Founded in 1972, St. Teresia Primary School was founded with hopes that students would not need to walk to faraway neighboring communities for schooling. Students in this community now have a nearby school, but still walk long distances. Now, they walk in search of water.
The school has a shallow well with a pump on its campus (shown below), but it failed long ago. Since the pump breakdown, no one has known how to repair it, and the financial challenges for reinstating it have left the water point unattended.
Of course, the school still needs water for drinking, sanitation, and hygiene, so students bring water from home each morning. They arrive early, by 6:30, pour their carried water into the kitchen containers, and some in the handwashing stations. Then they must go outside the school compound in search of more water.
Their first option is a community hand-dug well. Students wait in long lines to collect water, missing valuable class time. But if a community member is not at the well when they arrive, the water point is locked, and students must move on to the next option: an open source where community members often take their cattle to drink that is also quite far away.
According to the 42-year-old senior teacher, Jafred Mmasi (pictured below), water-related diseases are rampant in the school, especially during the rainy season. Drinking from so many unprotected, contaminated sources leaves students ill, needing medical treatment, and missing school.
He also noted, "Extra time created for morning prep gets wasted looking for water and queuing for water at the shallow well. Besides that, fetching water is very involved as you must monitor students so as to do their things as expected."
The lack of water also means that it can only be used sparingly, which means that classrooms and latrines often go uncleaned, which is damaging to both health and morale.
"The environment for learning sometimes is not favorable because cleanliness is not done on [a] regular basis," explained Sharlyne M. (in the photo above), 14. "Besides that, to access the pit latrines is another big challenge because they are full of bad smells that may choke one, as it [is] hard to breathe well while using those facilities. Also, we don't have sufficient water because we lack a water storage facility."
Currently, students waste time and energy, and their academic potential is limited, but the proposed well intervention will solve their water challenges. Students and staff will have a safe, reliable water source, and they can stop walking long distances and fighting illnesses to focus on learning instead. With easily accessible water to clean their grounds and some new latrines, these students will be well-equipped for bright futures.
What We Can Do:
We conducted a hydrogeological survey at this school and the results indicated the water table beneath it is an ideal candidate for a borehole well. Due to a borehole well's unique ability to tap into a safe, year-round water column, it will be poised to serve all of the water needs for this school's large population, even through the dry months.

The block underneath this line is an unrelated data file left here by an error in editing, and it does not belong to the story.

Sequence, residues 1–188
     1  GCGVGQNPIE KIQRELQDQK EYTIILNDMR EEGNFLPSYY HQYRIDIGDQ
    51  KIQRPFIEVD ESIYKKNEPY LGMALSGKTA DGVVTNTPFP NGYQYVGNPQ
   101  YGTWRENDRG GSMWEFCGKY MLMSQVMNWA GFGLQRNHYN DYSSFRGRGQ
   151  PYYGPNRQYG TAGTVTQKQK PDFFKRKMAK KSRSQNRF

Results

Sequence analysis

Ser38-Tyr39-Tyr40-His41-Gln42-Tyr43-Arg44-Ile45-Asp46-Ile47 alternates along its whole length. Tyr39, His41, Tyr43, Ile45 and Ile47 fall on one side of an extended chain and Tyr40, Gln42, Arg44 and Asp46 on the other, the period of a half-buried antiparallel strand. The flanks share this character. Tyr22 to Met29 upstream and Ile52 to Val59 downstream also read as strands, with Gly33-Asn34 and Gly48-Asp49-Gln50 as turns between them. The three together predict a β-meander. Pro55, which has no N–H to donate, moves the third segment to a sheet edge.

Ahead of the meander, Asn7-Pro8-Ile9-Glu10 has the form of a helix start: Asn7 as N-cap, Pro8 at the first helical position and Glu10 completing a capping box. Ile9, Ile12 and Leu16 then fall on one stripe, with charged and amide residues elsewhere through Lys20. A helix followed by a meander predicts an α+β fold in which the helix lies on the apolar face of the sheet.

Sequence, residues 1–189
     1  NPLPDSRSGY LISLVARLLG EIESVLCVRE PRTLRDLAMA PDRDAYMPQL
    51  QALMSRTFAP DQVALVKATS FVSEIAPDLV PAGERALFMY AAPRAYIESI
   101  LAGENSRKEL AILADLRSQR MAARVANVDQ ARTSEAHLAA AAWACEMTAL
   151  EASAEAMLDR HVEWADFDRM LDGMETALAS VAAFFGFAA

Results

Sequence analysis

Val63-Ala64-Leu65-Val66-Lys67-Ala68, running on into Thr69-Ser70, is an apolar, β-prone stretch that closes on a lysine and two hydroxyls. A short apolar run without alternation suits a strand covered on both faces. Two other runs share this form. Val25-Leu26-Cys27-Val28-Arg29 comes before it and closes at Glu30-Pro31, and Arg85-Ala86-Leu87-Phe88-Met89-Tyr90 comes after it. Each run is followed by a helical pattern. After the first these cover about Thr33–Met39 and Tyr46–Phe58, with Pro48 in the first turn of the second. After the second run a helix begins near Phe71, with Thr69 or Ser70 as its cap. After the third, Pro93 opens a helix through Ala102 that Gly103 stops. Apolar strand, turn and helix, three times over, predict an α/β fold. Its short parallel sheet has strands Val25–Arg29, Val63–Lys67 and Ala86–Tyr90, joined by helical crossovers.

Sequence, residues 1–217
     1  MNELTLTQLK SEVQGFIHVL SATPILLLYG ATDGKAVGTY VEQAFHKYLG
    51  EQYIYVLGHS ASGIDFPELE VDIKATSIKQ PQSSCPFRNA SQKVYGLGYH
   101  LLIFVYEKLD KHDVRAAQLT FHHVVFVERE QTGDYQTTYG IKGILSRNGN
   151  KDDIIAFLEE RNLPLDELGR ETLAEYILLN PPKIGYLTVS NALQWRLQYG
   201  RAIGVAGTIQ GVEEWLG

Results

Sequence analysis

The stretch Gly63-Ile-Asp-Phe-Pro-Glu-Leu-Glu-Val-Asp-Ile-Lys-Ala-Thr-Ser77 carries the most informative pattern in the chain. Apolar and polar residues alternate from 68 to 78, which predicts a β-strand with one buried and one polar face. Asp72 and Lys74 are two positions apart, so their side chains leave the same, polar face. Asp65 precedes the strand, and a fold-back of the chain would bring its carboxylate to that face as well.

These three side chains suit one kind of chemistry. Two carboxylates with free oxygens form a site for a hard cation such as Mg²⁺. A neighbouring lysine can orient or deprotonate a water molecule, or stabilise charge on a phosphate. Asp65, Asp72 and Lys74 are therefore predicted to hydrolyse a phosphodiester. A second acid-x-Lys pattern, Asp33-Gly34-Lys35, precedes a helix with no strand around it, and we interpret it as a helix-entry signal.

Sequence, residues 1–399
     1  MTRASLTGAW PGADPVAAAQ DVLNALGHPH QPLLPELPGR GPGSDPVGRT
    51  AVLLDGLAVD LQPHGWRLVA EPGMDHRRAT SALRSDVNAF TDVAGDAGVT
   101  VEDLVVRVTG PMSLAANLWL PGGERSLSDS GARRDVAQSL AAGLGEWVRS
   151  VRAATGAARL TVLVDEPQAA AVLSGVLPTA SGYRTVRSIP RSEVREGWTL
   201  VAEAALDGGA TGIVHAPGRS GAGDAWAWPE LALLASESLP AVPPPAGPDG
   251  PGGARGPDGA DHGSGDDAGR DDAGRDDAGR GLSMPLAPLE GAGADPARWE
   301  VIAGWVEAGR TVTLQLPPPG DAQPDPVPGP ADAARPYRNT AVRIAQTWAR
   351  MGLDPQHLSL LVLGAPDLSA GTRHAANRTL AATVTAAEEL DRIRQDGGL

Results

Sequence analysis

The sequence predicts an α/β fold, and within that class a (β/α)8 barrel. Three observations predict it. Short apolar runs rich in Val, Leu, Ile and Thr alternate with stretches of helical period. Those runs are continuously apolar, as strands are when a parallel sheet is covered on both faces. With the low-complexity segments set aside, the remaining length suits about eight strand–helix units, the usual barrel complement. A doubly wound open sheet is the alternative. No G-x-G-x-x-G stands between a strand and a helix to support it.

The school will help collect the needed construction materials such as sand, rocks, and water for mixing cement. They will also provide housing and meals for the work team, in addition to providing local laborers. We will complement their materials by providing an expert team of artisans and drilling professionals, tools, hardware, and the hand-pump. Once finished, water from the well will then be used by the school's students and staff for drinking, handwashing, cooking, cleaning, and much more.
There is currently nowhere for students to wash their hands after using the latrines or before eating lunch, let alone the water to do so.
The student health club will oversee the two new handwashing stations we will provide, and make sure they are kept clean and in working condition. The club leaders will fill the handwashing stations with water daily and make sure they are always supplied with a cleaning agent such as soap or ash.
We will construct two triple-door latrine blocks using local materials that the school will help gather. Three doors will serve the girls and three doors will serve the boys. All of these new latrines will have cement floors that are designed to be easy to use and to clean. And with a borehole right on school property, there should be enough water to keep them clean.
Training on Health, Hygiene, COVID-19, and More
We will hold a one-day intensive training session with students, teachers, and parents. This training will cover a wide range of topics including COVID-19 symptoms, transmission routes, and prevention; personal and environmental hygiene; and the operation and maintenance of the borehole, latrines, and handwashing stations. There will be a special emphasis on handwashing.
Our team of facilitators will use a variety of methods to train, including participatory hygiene and sanitation transformation, and asset-based community development. We will initiate a student health club, which will prepare students to lead other pupils into healthy habits at school and at home. We will also lead lectures, group discussions, and provide illustrative handouts to teach health topics and ways to promote good hygiene practices within the school including handwashing and water treatment. We will then conduct a series of follow-up trainings before transitioning to our regularly scheduled support visits throughout the year.
We and the school strongly believe that all of these components will work together to improve standards at this school, which will help lead to better student academic performance and will help unlock the opportunity for these students to live better, healthier lives.